You open the meeting on time and energetically introduce roles as needed, including the Toastmaster. Throughout the meeting you ensure that the ‘hot seat’ is occupied by the next speaker so that time is not wasted transitioning from one speaker to the next. You sit and control the room from the back. You call the meeting to order at the end of the break and re-introduce the Toastmaster. You distribute and tabulate the ballots for the ‘Best Table Topic’ contest and announce the winner with appropriate fanfare.
VETC has a grueling agenda that can only be completed on time with the help of the Timer. The Timer operates a laptop computer that displays green, yellow and red to let each speaker know their elapsed time. The Timer also records the times of each speaker. The Timer will report all of the times during the reports section of the agenda.
As the Grammarian you announce the ‘word of the day’ and watch for good or bad grammar and vocabulary usage. You report on usage of your ‘word of the day’ and provide examples of good and bad grammar during the reports section of the agenda.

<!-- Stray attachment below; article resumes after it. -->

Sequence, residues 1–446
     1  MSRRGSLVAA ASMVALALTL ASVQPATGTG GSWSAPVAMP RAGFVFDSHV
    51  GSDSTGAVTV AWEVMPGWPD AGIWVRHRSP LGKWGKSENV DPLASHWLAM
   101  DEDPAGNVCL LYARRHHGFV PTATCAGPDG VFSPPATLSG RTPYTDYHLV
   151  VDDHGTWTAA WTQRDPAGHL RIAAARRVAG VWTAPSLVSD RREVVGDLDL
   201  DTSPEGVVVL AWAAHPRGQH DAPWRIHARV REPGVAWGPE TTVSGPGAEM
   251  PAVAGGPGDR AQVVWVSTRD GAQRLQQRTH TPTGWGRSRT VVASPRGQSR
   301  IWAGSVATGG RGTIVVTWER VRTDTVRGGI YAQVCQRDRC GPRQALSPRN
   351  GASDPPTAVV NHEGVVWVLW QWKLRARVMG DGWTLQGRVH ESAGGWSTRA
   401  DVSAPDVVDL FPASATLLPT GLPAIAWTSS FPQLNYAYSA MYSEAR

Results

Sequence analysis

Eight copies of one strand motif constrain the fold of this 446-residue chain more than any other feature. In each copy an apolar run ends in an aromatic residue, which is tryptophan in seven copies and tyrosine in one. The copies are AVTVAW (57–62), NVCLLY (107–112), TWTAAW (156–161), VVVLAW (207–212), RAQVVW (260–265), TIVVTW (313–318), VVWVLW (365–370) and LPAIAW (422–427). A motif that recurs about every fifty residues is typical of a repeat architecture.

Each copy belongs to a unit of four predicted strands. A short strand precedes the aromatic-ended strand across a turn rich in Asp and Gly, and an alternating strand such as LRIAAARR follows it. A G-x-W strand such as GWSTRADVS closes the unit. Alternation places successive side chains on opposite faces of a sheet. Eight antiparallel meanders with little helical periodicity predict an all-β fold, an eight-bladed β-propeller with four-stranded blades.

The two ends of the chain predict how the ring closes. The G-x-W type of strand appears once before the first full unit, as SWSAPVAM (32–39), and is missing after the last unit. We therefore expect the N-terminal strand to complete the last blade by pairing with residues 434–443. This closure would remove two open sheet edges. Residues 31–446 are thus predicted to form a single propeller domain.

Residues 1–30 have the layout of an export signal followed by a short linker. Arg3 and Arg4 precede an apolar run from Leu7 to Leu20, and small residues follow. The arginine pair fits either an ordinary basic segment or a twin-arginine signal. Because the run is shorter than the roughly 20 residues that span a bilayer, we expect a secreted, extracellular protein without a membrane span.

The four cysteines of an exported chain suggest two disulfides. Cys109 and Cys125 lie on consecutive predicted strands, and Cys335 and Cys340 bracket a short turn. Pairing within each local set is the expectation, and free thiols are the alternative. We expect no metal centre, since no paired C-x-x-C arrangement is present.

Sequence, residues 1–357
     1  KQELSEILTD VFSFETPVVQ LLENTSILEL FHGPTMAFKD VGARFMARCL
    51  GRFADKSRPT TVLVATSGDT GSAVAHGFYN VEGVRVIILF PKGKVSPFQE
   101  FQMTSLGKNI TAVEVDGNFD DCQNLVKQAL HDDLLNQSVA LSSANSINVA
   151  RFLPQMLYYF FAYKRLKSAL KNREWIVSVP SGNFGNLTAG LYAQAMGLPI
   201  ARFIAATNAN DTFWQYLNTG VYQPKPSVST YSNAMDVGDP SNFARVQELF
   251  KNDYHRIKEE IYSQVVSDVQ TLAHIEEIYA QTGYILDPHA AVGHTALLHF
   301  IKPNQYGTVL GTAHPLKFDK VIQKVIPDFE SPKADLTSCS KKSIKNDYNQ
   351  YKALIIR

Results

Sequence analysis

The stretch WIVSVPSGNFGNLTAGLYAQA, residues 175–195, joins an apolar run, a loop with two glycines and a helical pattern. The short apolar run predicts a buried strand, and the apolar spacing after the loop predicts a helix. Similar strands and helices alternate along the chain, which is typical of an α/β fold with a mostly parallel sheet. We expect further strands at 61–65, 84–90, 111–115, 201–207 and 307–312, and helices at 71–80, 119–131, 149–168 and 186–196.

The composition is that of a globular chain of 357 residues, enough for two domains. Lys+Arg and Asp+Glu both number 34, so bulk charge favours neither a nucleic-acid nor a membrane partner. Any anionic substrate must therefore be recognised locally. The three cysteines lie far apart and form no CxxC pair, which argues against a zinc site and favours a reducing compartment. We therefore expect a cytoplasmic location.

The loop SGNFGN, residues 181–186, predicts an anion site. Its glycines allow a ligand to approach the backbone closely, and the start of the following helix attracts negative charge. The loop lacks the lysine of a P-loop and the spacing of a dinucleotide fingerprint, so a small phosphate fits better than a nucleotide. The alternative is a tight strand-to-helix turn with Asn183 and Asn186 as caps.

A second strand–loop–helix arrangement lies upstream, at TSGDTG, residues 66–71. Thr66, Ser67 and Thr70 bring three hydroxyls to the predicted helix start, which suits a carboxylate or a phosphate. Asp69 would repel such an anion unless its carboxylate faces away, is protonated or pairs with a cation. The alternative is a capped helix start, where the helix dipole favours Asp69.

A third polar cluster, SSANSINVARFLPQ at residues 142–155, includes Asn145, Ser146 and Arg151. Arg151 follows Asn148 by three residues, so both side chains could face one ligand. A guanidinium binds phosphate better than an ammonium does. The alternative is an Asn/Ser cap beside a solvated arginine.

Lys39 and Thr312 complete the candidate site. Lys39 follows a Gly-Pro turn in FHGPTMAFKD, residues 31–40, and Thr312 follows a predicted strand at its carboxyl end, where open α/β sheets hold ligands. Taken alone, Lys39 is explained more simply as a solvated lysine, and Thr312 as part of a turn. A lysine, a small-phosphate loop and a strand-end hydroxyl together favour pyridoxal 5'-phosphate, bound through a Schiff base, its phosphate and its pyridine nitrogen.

As the Ah Counter you count, record and ‘ding’(call bell) ineffective filler words that speakers use such as um, er, y’know, ah, anyway, like and so. This role helps both you and VETC’s members purge these ineffective words from their vocabularies.
As a humorist, your role is to help everyone relax by telling a humor story or a joke not longer than 2-3 minutes(a personal story is always a plus) and discourage the reading of jokes. Whatever the form of humour, it must not be offensive, sexist, racist or sexual.
VETC likes to welcome each and every single guest that visits the club, therefore one of the registerred members will alsways stand at the door greeting newcomers. The greeter is respinsible, not only of making each guest feel welcome with a professinal, yet warm greeting, but also to ask a couple simple questions to help us learn a little bit about each guest.
Once the meeting begins, the Toastmaster will ask the Greeter to introduce those new guests that are visiting the club. It is a good idea that, if you are the greeter, to make a few notes to help you remember names and some of the info that was shared with you by each guest.